As a British resident of Sweden, there are various conversations you find yourself with your former countryfolk:
- How’s Switzerland? (We don’t actually… we don’t… never mind)
- Do you really get loads of time off when you have a baby? (Yes)
- Is, like, everything absolutely perfect? (No)
- Is it weird how it’s sometimes light all night? And dark all day? (Yes)
- Do people eat meatballs all the time?
…and, cliched though it may seem, yes they do. There’s probably no more common dish in the canon of Swedish husmanskost than Meatballs, potatoes, cream gravy and lingonberry jam, meaning that if you go and sit down in a random restaurant in Stockholm for lunch, it’s pretty likely to be on the menu. Or if you go to a school canteen, or a train restaurant car, or a supermarket cafe. You even get them on the Christmas lunch table. They’re something that, fairly reliably, is everywhere.
So, what makes a Swedish meatball, as opposed to any other? I have a feeling you could ask a dozen people and get a dozen answers there but to me, a foreigner who has eaten many meatballs in many places in Sweden, the top tier factors are probably a strong flavour of allspice and white pepper, the second are a smooth-ish ball with a mixture of pork and beef, and the third could contain any number of different variations depending on who you ask.
This is a giant batch of sixty or so meatballs that would feed 6-8 adults very comfortably. The recipe cuts down very happy though and, if you do make a giant batch like this, they freeze (after cooking) brilliantly.
This is the recipe of an immigrant in Sweden but, if it’s inauthentic, at least it’s tasty. It’s best eaten with creamy mashed potatoes, lingonberry jam and, if you like, some Pressad Gurka.
For 6-8 portions you will need:
For the meatballs:
- 500g pork mince
- 500g beef mince
- 2 large handfuls of breadcrumbs, the higher quality the better
- One largish onion, finely chopped
- 2 eggs
- 2tsp ground allspice
- A very big grind of white pepper (or black if you don’t have any)
- A generous pinch of flaky salt, to taste
- Unsalted butter, for frying
For the cream gravy
- 250ml double cream
- A dash of Worcestershire sauce (optional)
Put all the meatball ingredients into a large mixing bowl, or the bowl of a stand mixer (if, like me, you’re slightly lazy). Mix them together thoroughly til completely uniform either using your hands or the paddle attachment of your stand mixer.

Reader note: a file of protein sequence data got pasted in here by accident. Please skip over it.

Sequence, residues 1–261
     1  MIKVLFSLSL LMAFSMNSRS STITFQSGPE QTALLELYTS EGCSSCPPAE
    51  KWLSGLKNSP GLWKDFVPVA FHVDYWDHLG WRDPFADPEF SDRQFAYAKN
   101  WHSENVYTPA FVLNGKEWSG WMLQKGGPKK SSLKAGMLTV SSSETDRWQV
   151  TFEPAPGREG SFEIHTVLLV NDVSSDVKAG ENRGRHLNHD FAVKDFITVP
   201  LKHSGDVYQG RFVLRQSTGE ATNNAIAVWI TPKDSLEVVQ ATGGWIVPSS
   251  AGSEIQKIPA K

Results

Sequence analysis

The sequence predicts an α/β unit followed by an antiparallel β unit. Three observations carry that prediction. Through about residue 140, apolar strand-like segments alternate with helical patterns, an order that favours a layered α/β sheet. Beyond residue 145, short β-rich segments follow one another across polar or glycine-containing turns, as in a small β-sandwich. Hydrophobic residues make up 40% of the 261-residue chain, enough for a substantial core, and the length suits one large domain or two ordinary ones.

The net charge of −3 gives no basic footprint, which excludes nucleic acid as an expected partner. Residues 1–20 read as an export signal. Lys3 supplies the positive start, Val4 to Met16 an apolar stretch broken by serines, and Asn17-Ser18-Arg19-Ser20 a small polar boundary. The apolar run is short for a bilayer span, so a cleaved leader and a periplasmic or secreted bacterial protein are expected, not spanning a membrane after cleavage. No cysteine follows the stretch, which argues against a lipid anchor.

Put a large frying pan over a medium-high heat, then roll the mixture into balls slightly smaller than a ping-pong ball. Once you’ve got to about 20, put a generous slice of butter into the pan, so it fizzes and bubbles, then add a single layer of meatballs to the pan (mine takes exactly 20). Shake the pan a couple of times a minute so the balls stay nice and round and brown deeply all over. They’ll probably take about 5-7 minutes to cook through to the middle (check they’re done by inserting a skewer and seeing the juices run clear) during which time you can roll up another full batch from the mixture.
Remove the cooked balls to a warm plate in the oven, scrape any burned bits from the bottom of the pan, add a little more butter if needed and then repeat the process til you’ve used up all your meat mixture. You’ll easily be able to throw together some mashed potatoes in this time too, it’s not especially intense.
When all the balls are cooked and on the warm plate in the oven, keep your meatball pan on the heat, throw in half a cup of water, and scrape away at the bottom of the pan with a wooden spoon as the liquid bubbles, dislodging all the brown, crispy, delicious bits. When the liquid has steamed off a bit and reduced to a thicker, syrupy consistency, add the cream, bring to the boil, add the dash of Worcestershire sauce if you want, check the seasoning and pour into a warm jug, though a sieve if you feel fancy.
Stick everything in the middle of the table and let everyone dig in and help themselves. We usually have about eight meatballs each, but everyone knows their limit from all those trips to IKEA, so I’ll leave you to make your own decisions on that front.
Written down, this all seems like much more work than it really is. It’s definitely possible to do all this from beginning to end in an hour or less.